Councilors say flood of calls preceded vote on new education board member
CONCORD — Bill Duncan will take his seat on the state Board of Education, despite an aggressive lobbying campaign against his appointment by charter school advocates, home-schoolers, Common Core opponents and the state Republican Party.
The Executive Council on Thursday confirmed Duncan in a 3-2 vote along party lines, with Democratic councilors Chris Pappas of Manchester, Debora Pignatelli of Nashua, and Colin Van Ostern of Concord supporting Gov. Maggie Hassan’s nomination of the education activist and former Executive Council candidate.
Republican councilors Chris Sununu of Newfields and Joe Kenney of Wakefield voted against the nomination. Duncan ran against Sununu for the District 3 council seat in 2012.
The retired Seacoast businessman has been a vocal supporter of traditional public schools as founder of Advancing New Hampshire Public Education, and has been active in support of the Common Core State Standards.
He sued the state last year, challenging the constitutionality of a state law that allows business education tax credits to fund scholarships to private and religious schools, and to assist families that home-school their children.
A Strafford County Superior Court judge sided with Duncan; the appeal is now pending before the state Supreme Court.
“Bill’s background in business and education will bring a valuable perspective to the Board of Education, and I applaud the Executive Council for today’s vote,” Hassan said.
Each of the five councilors commented on the volume of constituent phone calls and e-mails received, both for and against Duncan’s nomination.
“I’ve received more than 100 phone calls about this nomination, more than in my entire term up to this point,” Sununu said. “It really showed me that across the state, not just in my district, there are people who are really galvanized against a lot of things he’s said.”
Opponents of Duncan’s nomination had distributed a flier with some of his more controversial quotes, such as, “Charter schools are a political statement not an educational improvement.”
“I brought a lot of the quotes to him,” said Sununu, “and he said they were all very accurate.”
Van Ostern, speaking in support of Duncan, called him a “real champion of public schools,” and said his position on charter schools has been misconstrued.
“He’s visited four different charter schools in the past month, and it’s clear to me that he sees they have an important role to play in cooperation with other public schools in the state,” said Van Ostern. “I don’t think he’s a champion or an enemy of charter schools, which is appropriate for the Board of Education in the state.”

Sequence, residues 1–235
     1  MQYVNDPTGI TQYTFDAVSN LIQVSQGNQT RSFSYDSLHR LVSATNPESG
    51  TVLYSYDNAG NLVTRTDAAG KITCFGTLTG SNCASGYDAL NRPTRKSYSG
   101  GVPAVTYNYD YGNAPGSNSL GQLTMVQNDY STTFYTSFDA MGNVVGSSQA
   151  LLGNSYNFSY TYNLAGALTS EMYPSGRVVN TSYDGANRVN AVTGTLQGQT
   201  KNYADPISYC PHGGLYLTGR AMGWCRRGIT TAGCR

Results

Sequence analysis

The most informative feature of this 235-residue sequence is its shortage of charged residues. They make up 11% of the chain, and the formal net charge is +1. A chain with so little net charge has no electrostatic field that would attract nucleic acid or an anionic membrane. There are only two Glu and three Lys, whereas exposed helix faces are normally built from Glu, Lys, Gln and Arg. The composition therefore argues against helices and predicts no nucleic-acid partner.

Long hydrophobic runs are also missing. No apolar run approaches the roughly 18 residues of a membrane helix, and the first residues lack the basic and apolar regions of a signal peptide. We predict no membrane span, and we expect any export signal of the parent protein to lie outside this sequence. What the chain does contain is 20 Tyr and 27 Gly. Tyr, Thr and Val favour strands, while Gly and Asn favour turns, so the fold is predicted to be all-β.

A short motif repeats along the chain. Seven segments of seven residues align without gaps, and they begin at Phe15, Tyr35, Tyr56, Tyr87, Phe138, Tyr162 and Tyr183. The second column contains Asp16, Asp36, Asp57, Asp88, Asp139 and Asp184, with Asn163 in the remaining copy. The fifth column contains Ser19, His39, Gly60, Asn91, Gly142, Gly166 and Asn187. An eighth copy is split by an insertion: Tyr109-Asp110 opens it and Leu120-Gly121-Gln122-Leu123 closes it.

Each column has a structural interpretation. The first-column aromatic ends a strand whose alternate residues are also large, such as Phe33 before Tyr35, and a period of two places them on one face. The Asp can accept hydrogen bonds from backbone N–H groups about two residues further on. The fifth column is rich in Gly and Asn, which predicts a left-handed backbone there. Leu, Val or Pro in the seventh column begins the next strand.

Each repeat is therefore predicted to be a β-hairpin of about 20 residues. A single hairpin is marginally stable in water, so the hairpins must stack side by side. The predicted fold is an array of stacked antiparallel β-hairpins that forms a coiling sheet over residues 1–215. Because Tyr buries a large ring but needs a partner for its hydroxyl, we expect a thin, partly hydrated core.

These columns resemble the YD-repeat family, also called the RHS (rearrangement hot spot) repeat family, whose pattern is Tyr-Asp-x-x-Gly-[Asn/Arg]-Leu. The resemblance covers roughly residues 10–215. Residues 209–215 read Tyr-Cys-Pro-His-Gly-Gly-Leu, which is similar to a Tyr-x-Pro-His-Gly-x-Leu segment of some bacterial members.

Charles M. Arlinghaus, president of the Josiah Bartlett Center for Public Policy, a conservative policy group, said Duncan’s personal views on education policy are not the issue. He said Hassan could have nominated someone with the same views, but not the plaintiff in a lawsuit against the state now before the state’s highest court.
“As a matter of policy, we should not appoint plaintiffs of ongoing lawsuits to oversee the area of state policy over which they are suing,” he said. “That is what ought to disqualify Mr. Duncan, not the views he and I don’t share.”
North Country councilor Kenney said Duncan was “highly qualified, and an outstanding citizen, veteran, business leader and someone concerned about education.”
“But I think he has burned too many bridges when it comes to educational options in New Hampshire,” said Kenney. “I’m fearful Mr. Duncan will create polarization on the board that doesn’t need to happen.”
By next fall, more than 4,000 New Hampshire students will be attending charter schools.
They operate with freedom from many of the regulations that apply to traditional public schools but agree to a five-year, renewable charter establishing accountability to the state Board of Education. They usually have a particular emphasis, like science or fine arts.
If a student is accepted into a charter school, the state per-pupil education grant follows that student to the charter school.
Pignatelli addressed that in her comments. “The problem in this state is that we don’t fund education in traditional public schools at the amount we should, and the fear is that when you start to siphon off some of the money to another school, innovative as it may be, you are depriving most of the children of the education they deserve.”
Pappas said he spoke to Duncan at length on the issue, and found him to be reasonable and driven by facts, not ideology. “We had some important conversations about charter schools and he gave me his commitment that he supports these schools and will work to build bridges with these parents and these schools.”
Duncan thanked the council for its support, and suggested he may surprise his critics.
“I’m anxious to get to work in support of New Hampshire public schools, including charter schools,” he firstname.lastname@example.org